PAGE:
#2 – Flaming Out

Ministry “burnout” was not an extant concept during the time of Moses.  Neither was the local church or seminary.  It’s true that “between one-third and one-half of a seminary’s graduates are not in church ministerial leadership positions a decade after graduation.”[11]  However, this statistic is completely irrelevant to the life of Moses, who was called by God out of the burning bush.  Moses’ call is indubitable since it is recorded in Holy Scripture.  The “calling” of individual seminary students is not a matter of biblical revelation but their own personal claims.  The droves of seminary graduates who do not last in vocational ministry may have just made poor career choices and gotten a professional degree not suited to themselves.  73% of protestant pastors work more than 50 hours a week.[12]  Such grueling workweeks are similar to the ones worked in other high-burnout professions such as law and accountancy.[13]  In an article posted at the American Institute of Certified Public Accountants website entitled The Key to Avoiding Career Burnout, Ron Rael, a CPA and “leadership consultant”[14] recommended that CPAs combat burnout by “developing a personal mission statement.”[15]  This is the same advice given by church leadership consultant Aubrey Malphurs in Chapter 8 of his book, Being Leaders: The Nature of Authentic Christian Leadership.  In The Key to Avoiding Career Burnout Rael cites career burnout causes that are very similar to the ministry burnout causes cited by Robert Welch in his book.  There is simply no “Jethro Principal” for how to avoid burnout.  Burnout is just a potential pitfall of any stressful career.  Though the idea of ministry burnout was unheard of in Moses day, people did know what it was like to get tired.  Moses was no exception.  He needed Aaron and Hur to hold up his arms while the Israelites battled Amalek[16] because his arms were tired.  Moses needed to appoint judges over the people to keep from wearing out both himself and the people awaiting his decisions.  Pastors don’t need examples from historical narrative to tell them not to try and do everything themselves.  Common grace provides that common sense insight.  Rael’s advice rings just as true as that of Welch and Malphurs without an artificial scriptural overlay.

 #3 – Preaching and Teaching

Moses is not a type of pastor; Moses is a type of Christ.  In the New Testament church, Jesus has replaced Old Testament figures such as Moses as the mediator between God and man.[17]  The Jethro Principal idea that pastors somehow represent God before the people is a faulty one.  Each member of the New Testament church is a member of the priesthood of all believers and is in relationship with God Himself through Jesus.  A pastor does, like Moses, have a responsibility to preach and teach.  Being two thousand years removed from the writing of the last book of scripture, pastors need significant study time to determine how to communicate timeless truths recorded in ancient languages to contemporary people.  In his day, Moses talked to God to God “face-to-face”[18]; pastors have God’s word in old, written scriptures and the guidance of the Holy Spirit. Reading the Bible is not exactly a face-to-face conversation and communicating it requires intense study. Without day-to-day shepherding assistance from fellow elders, a teaching pastor may not be able to adequately present an understandable sermon each Sunday.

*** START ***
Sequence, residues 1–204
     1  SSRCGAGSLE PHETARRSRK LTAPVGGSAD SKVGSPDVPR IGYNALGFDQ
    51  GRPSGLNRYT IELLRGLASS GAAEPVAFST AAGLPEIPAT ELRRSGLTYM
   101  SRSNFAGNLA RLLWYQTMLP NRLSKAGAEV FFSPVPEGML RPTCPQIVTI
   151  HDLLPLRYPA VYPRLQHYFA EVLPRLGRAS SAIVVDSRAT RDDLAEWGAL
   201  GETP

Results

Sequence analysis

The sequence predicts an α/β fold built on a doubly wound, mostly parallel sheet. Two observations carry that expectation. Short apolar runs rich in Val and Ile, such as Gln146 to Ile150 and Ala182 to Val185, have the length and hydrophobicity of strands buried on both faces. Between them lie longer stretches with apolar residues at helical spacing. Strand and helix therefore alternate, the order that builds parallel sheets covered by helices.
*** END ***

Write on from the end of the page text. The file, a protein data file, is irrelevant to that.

#4 – Looking for Help

There are clear scriptural qualifications for the offices of elder and deacon.  No church should appoint individuals to these offices who do not meet those qualifications.  This is not a requirement gleaned from any secular management school and it’s certainly not a Jethro Principle.  It is a requirement plainly stated in Paul’s Pastoral Epistles.  The Pastoral Epistles do not speak to the hiring of janitors and secretaries (W-2 employees).  Neither does Exodus 18.  In Exodus 18, Moses is essentially appointing officials in the Israelite civil government.  This scripture simply does not apply to hiring paid church staff nor does it imply that such hires should be made at all.  If church leaders do choose to hire paid staff, they should use the same caution and business sense that secular business use.  Furthermore, they should stop and ask themselves the questions, “Are we employing hirelings like a secular business would do?  If so, Why?”

#5 – Sharing the Load

The larger a secular business organization becomes the more employees and more departments it needs to run: finance, operations, warehousing, shipping, legal, human resources, and administration.  Additional executives, middle managers, and shop-floor managers are needed to help operate these departments and carry out their business functions.  In the realm of secular business, no one would ever call such leaders “commanders of thousands, hundreds, fifties, and tens.”[19] Even to many Christian businessmen, doing so would seem completely absurd.  Hiring such managers is simply how business…not church…is done.  To be certain such managers should, like Moses’ judges, be trustworthy men who abhor corruption.  Crooked managers are bad for the bottom-line.  As churches grow (perhaps into megachurches), more and more middle-managers are needed.  However, it sounds tacky at best to call church leaders “middle-managers.”  Thus, they become ministers of certain age groups and operations functions.  Under the “Moses Model” this is biblical.  On any other model, it’s simply business as usual.